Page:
Wednesday, August 19, 2015
Book Review: Raid on the Sun
Raid on the Sun
New York: Broadway Books, 2004
Category: Israel Air Force - History
Raid on the Sun is the most recent book to be published on the subject of Israel's 1981 Osirak reactor raid. On the one hand, this book is a little more oriented in the direction of retelling the pilots' stories than is Two Minutes Over Baghdad - which tries to be more even between the operational and historical, or political perspective. It also, however, lacks the inside familiarity of life in the cockpit that gives Bullseye One Reactor its sense of immediacy. The result is a fair retelling, although one which occasionally jars us with a reminder that the author is not as intimately familiar with the cockpit as many members of his audience will be - as when he mistakenly describes the pilot as "pushing the stick" when he meant to say "pushing the throttle".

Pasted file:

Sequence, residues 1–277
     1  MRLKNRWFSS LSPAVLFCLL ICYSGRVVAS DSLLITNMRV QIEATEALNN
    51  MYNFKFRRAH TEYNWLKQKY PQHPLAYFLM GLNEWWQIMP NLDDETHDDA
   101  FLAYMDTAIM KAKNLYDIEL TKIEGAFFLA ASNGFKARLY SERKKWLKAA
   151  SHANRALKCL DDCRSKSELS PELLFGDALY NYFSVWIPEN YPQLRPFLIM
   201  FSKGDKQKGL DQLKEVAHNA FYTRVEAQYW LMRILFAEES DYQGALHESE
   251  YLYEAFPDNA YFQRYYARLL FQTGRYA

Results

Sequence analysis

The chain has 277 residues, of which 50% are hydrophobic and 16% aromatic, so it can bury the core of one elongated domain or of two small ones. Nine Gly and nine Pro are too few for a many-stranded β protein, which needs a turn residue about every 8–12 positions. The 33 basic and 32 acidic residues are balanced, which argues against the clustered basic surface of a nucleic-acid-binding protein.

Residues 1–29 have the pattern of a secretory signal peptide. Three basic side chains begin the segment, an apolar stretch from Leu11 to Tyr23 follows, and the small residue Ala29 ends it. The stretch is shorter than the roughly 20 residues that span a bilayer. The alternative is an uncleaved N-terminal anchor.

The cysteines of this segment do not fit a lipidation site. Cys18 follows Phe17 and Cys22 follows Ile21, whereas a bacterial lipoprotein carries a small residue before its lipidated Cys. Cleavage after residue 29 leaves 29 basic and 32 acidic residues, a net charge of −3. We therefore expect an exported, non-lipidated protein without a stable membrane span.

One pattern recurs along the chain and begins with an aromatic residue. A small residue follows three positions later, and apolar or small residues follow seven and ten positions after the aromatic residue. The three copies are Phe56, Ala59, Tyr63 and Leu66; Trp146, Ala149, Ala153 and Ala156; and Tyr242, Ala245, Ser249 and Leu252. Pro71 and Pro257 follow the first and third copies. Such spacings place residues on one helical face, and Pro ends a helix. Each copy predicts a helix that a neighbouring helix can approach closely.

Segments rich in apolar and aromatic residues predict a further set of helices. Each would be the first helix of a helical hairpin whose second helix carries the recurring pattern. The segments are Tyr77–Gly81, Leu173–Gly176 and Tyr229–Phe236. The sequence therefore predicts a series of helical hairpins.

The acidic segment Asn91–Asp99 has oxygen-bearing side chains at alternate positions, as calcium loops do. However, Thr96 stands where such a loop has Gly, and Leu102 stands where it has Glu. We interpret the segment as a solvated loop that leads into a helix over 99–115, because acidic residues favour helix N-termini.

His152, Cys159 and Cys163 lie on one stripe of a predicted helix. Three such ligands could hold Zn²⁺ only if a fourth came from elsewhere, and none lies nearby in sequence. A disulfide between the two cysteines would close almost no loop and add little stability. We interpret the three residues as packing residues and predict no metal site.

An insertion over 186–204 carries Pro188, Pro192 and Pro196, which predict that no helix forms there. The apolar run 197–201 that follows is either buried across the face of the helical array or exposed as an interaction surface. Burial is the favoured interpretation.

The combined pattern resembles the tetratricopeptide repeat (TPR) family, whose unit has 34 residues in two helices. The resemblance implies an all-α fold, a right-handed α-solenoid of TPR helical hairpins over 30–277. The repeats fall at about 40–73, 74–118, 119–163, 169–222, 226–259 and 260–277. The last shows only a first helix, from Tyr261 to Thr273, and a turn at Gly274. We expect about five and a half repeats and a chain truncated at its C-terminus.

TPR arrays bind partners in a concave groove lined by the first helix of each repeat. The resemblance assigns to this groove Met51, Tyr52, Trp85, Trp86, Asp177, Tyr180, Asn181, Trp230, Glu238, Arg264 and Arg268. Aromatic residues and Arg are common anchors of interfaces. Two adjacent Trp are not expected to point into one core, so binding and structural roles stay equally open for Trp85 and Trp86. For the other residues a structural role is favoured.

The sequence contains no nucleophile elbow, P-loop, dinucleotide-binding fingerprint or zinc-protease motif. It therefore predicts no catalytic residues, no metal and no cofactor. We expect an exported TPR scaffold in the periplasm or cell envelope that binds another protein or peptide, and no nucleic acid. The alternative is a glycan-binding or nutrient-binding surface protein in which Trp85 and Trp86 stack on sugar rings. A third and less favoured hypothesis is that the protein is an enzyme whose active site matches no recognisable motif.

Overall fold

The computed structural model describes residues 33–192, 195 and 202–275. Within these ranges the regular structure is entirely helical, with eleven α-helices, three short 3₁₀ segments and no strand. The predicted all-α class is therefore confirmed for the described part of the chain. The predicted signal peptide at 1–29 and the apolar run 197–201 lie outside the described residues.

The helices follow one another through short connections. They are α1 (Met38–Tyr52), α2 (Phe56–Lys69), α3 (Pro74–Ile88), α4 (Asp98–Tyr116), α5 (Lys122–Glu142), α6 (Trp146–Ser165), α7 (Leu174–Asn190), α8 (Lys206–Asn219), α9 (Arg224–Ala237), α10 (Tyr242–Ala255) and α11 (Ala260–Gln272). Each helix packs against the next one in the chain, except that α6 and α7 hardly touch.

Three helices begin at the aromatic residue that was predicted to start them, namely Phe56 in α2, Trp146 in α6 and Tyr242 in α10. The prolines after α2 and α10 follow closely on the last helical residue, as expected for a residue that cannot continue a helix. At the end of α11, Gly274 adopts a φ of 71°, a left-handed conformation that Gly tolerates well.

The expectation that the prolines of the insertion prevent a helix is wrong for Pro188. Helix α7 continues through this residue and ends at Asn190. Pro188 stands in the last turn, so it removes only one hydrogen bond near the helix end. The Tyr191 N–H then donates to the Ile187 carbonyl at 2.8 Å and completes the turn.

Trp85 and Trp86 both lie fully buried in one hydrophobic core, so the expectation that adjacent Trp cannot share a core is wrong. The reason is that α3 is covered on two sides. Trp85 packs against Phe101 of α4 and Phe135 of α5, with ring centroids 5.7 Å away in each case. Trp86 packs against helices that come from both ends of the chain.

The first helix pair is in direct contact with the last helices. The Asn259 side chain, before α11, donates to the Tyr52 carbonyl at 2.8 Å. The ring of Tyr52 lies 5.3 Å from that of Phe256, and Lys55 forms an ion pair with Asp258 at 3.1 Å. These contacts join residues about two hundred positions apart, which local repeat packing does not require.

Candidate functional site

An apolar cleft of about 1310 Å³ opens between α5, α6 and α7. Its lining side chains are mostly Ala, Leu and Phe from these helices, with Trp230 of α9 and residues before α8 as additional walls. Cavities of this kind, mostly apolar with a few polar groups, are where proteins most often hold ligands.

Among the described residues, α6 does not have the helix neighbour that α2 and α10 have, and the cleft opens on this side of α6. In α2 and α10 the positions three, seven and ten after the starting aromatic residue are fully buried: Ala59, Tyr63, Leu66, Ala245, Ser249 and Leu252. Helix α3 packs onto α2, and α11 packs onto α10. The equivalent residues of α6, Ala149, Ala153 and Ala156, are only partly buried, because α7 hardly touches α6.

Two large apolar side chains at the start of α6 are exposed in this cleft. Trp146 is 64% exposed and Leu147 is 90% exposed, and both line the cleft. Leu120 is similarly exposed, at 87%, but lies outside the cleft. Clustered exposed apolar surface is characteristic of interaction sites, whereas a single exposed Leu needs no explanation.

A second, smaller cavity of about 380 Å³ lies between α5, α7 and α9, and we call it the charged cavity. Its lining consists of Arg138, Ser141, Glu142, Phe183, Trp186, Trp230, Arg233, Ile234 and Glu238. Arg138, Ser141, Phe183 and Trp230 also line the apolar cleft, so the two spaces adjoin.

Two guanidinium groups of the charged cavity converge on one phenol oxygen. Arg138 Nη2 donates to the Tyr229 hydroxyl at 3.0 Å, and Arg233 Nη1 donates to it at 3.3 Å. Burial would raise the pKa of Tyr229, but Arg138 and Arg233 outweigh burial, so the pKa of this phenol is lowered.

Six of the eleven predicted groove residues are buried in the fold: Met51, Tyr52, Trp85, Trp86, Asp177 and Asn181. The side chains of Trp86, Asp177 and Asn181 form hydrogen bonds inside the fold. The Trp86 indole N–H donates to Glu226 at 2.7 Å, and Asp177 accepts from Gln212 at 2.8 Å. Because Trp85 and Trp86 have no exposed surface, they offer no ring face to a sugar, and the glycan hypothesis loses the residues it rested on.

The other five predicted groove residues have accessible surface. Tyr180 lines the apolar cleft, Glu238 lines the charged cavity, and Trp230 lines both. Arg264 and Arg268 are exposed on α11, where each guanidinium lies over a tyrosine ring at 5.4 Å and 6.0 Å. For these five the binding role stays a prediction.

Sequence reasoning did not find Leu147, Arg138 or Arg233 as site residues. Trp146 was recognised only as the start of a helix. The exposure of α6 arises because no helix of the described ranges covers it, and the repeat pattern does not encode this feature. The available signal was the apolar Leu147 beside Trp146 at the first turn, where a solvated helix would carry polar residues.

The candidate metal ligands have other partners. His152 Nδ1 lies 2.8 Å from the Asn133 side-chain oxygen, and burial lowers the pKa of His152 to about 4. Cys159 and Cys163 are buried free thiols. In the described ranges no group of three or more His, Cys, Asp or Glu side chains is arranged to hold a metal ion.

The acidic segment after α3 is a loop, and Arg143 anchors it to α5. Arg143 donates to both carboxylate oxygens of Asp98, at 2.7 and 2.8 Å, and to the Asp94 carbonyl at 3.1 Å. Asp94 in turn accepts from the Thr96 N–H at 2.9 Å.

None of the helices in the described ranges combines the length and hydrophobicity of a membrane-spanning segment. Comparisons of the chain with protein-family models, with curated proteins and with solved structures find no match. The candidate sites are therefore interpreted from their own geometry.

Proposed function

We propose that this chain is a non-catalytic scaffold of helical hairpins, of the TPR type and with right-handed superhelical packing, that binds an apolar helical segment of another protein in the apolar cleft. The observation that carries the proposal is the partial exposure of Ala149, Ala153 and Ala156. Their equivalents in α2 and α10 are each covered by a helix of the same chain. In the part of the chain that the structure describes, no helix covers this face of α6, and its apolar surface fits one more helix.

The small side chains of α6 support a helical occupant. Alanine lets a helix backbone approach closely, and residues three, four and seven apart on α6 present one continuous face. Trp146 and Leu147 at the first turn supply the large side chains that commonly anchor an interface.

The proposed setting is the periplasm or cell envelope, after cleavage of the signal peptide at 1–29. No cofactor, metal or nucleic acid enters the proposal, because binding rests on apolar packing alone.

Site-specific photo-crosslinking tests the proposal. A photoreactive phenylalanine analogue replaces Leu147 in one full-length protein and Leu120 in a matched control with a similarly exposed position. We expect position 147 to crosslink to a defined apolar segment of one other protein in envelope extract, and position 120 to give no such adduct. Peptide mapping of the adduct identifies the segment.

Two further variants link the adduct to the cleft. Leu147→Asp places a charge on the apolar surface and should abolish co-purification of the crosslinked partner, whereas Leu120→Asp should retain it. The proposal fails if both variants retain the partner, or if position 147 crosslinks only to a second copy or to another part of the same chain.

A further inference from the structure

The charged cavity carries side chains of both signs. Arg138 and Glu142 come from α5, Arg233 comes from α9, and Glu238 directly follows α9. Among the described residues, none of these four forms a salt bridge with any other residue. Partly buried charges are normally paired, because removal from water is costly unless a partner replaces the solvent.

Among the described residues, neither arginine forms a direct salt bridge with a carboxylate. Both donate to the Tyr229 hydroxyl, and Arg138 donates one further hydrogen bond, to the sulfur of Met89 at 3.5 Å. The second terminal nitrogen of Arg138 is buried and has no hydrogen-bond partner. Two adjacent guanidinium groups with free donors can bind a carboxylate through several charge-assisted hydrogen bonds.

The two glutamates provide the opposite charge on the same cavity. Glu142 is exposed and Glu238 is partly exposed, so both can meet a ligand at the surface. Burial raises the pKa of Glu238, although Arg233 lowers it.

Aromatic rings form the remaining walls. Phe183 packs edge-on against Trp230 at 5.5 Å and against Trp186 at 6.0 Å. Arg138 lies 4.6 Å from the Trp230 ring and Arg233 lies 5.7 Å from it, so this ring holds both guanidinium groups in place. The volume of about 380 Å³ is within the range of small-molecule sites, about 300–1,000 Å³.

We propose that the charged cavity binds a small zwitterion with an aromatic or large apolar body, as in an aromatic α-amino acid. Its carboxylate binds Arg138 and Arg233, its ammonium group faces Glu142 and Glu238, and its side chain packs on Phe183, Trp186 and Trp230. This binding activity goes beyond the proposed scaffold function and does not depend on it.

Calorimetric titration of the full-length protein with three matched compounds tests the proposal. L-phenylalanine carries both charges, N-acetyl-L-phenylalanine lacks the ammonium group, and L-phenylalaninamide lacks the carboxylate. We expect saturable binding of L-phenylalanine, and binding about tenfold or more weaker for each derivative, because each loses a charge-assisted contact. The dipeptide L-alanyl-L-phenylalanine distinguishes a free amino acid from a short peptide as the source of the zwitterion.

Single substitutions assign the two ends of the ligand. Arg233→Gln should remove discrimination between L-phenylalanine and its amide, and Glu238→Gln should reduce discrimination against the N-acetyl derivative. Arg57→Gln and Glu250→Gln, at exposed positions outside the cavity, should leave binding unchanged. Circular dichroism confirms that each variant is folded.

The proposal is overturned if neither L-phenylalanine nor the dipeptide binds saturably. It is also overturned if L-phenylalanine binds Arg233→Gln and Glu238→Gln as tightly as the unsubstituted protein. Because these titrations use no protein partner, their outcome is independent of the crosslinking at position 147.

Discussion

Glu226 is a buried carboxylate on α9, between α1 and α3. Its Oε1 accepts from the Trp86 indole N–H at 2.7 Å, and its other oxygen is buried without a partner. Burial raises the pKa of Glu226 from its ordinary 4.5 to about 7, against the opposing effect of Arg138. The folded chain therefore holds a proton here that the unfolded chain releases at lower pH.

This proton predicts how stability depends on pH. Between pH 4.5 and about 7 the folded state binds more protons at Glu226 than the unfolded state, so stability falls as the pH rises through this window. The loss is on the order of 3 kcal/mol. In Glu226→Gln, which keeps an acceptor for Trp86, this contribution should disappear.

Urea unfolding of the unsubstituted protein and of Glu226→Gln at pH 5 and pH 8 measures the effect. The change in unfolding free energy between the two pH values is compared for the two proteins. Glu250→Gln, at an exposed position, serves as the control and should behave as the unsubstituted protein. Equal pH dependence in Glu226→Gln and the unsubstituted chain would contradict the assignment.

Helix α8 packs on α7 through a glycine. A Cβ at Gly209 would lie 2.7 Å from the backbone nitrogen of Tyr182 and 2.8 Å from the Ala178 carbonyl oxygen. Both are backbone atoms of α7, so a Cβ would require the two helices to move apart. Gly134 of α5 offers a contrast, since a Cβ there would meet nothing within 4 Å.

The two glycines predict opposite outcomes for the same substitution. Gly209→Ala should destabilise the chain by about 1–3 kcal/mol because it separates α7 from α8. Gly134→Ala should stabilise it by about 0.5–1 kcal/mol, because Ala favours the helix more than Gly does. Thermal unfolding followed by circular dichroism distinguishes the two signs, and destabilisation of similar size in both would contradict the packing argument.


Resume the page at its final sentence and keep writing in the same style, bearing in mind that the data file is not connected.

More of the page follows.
Coming as it does so many years after the fact, Raid on the Sun was able to take advantage of a relaxation in the tight censorship which once surrounded this raid. The individual pilots who participated in the raid, and who have since retired from front-line, active duty, can now be named. Even many of the operational details of the raid that were once shrouded in secrecy can be spoken of. Claire, for example, is able to reveal that in order to extend their range, the Israeli F-16s that took part in the raid had to be stripped of the Israeli-built electronic countermeasures that they would otherwise have carried. Instead, the escorting F-15s were outfitted with additional jamming pods to provide cover for the unprotected F-16s.
While Claire was able to speak at length with the individual pilots, and provide some new insights into the raid, Raid on the Sun does not quite live up to the in-the-cockpit feel that accompanies Dan McKinnon's Bullseye One Reactor. Still, however, a worthwhile read.